Monday April 6, 2020
During the past summer, FISHBIO revisited CSU Chico’s Big Chico Creek Ecological Reserve for the fourth time since 2013 to survey the creek’s summertime trout population. The Reserve provides a nearly 4,000-acre extension adjacent to Chico’s Upper Bidwell Park, creating an uninterrupted corridor of protected land flanking the creek. The creek is home to resident rainbow trout as well as steelhead, the ocean-going form of the species. The latter has been in decline in California and elsewhere, and is currently listed as “Threatened” under the Endangered Species Act. While our surveys don’t necessarily allow us to evaluate the abundance of the ocean-going life history form, the juveniles of rainbow trout and steelhead comingle, and trends in their combined abundance can provide insights about the condition of the overall fish population – in this case, indicating a bounce back to pre-drought numbers.
Big Chico Creek is an ideal stream to monitor fish populations for a number of reasons. For one, the creek’s flow patterns, especially in the area we surveyed, have hardly been altered from their natural state, as there are no dams or large diversions. As such, data from Big Chico Creek can provide insights on how populations of threatened fish fare under natural conditions. Also, the creek is relatively small and runs quite clear during the summer months, making it well-suited for non-invasive, observational surveys (in contrast to surveys that require capturing and handling fish). Lastly, this survey is a welcome opportunity to collaborate with our partners at the Reserve, take some student interns out in the field, and give other volunteers a chance to participate in fish surveys! In 2019, with help from reserve staff and a handful of other volunteers, we once again snorkeled about 20 percent of runs, riffles and pools of Big Chico Creek within the Ecological Reserve, counting fish along the way. We then used our observations to calculate an overall abundance of rainbow trout/steelhead in the study area.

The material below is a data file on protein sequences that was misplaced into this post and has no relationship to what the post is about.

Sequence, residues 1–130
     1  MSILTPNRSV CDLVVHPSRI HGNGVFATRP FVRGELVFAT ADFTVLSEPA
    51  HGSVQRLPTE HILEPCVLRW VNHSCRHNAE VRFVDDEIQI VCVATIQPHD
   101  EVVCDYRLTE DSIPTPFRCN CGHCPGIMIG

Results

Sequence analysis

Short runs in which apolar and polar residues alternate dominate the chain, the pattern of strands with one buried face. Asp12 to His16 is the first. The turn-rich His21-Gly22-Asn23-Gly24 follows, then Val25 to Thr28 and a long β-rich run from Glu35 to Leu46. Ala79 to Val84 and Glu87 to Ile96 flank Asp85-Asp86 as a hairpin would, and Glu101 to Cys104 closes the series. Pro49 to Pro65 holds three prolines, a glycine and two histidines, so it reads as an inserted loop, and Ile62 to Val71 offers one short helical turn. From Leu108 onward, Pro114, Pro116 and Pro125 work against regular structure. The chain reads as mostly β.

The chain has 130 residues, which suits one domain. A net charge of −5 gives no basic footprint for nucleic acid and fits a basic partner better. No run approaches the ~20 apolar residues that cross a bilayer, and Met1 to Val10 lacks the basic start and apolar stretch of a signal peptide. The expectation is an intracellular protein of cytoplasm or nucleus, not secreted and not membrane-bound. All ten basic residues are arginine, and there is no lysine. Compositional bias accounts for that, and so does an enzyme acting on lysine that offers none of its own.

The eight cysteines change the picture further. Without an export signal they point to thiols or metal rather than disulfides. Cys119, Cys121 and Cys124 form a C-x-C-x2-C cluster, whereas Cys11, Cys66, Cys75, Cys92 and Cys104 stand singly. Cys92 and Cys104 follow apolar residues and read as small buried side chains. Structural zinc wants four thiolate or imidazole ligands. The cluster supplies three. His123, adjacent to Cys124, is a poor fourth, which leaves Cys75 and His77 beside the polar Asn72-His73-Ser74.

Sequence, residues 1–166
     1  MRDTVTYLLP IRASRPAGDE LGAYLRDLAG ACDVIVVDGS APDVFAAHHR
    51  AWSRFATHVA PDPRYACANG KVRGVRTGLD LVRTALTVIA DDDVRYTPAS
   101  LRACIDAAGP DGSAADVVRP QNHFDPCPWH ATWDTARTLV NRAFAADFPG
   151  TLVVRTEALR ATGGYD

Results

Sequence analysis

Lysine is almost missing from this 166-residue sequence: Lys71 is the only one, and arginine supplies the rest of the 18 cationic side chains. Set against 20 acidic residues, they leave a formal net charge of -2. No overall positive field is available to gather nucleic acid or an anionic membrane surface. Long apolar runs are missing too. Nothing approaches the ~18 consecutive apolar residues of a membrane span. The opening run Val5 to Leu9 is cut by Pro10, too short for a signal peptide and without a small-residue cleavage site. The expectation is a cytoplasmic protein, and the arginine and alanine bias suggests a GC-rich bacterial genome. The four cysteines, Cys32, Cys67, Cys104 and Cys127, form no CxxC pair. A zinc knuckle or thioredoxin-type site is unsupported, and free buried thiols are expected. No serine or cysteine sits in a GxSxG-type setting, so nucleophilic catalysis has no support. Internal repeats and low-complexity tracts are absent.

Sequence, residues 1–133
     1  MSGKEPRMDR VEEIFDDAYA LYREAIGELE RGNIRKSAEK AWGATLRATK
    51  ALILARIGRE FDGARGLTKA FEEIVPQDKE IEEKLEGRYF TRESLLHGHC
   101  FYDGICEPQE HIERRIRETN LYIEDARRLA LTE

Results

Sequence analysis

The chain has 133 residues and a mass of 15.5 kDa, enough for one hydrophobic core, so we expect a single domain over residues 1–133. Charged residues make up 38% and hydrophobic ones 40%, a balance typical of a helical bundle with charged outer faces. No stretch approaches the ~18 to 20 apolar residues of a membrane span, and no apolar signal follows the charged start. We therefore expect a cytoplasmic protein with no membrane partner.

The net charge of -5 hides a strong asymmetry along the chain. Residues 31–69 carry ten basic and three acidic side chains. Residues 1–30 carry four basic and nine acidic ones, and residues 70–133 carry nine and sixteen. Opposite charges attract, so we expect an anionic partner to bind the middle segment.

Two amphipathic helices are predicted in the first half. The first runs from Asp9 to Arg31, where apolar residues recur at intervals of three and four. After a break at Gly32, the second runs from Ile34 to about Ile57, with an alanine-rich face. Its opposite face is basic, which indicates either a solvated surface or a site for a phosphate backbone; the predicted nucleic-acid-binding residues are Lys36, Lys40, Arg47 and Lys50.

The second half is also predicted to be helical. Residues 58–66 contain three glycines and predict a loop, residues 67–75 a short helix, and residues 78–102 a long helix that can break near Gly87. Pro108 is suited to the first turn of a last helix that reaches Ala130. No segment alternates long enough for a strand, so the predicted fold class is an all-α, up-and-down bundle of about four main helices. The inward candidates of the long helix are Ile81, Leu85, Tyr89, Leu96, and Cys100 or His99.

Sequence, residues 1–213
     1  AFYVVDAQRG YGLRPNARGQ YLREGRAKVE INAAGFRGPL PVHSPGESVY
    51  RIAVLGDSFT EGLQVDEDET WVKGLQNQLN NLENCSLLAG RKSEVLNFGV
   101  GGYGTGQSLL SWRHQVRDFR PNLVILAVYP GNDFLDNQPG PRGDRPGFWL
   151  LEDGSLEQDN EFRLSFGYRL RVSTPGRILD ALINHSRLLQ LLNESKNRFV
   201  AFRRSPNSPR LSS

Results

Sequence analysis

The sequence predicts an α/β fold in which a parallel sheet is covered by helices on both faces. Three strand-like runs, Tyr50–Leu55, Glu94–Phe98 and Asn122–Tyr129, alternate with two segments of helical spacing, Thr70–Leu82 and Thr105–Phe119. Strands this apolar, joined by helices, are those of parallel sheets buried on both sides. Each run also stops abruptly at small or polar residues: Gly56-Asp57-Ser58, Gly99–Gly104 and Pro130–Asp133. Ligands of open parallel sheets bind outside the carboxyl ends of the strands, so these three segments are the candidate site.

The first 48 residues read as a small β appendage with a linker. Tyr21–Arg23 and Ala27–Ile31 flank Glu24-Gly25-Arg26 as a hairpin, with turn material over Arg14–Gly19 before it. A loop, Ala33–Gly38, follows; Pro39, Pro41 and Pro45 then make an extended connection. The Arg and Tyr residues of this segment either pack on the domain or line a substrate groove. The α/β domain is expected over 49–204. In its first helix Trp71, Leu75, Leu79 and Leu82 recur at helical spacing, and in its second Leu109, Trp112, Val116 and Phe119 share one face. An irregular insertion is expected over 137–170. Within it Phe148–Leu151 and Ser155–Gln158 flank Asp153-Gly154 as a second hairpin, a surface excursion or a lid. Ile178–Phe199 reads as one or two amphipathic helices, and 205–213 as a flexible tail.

Three days later, the numbers were in: an estimated 2,576 rainbow trout call this section of creek home, in addition to a few Sacramento suckers, brown trout, some prickly sculpin, and countless California roach. This level of trout abundance is a marked increase compared to our 2018 estimate of 1,876 trout, and is comparable to our 2013 estimate of 2,515 trout, which we made before the hottest years of the record-setting recent drought. In contrast to years past, most trout were observed in riffles, and more than half of the trout we observed were small (< 6 inches/150 mm). This bodes well for the coming years, when these offspring of drought-survivors reach reproductive age.
The relatively high estimated density of trout is a testament to the importance of Big Chico Creek, and specifically the Big Chico Creek Ecological Reserve, to the conservation and recovery of Central Valley steelhead. The number of trout observed in this survey confirms the importance of this habitat to the threatened species, and the need for continual monitoring and conservation of resident trout populations. We always look forward to this survey of our local creek, and hope we will be able to continue this effort for many years to come. For those interested in reading more about this year’s survey and those of years past, a summary report can be found here.
This post featured in our weekly e-newsletter, the Fish Report. You can subscribe to the Fish Report here.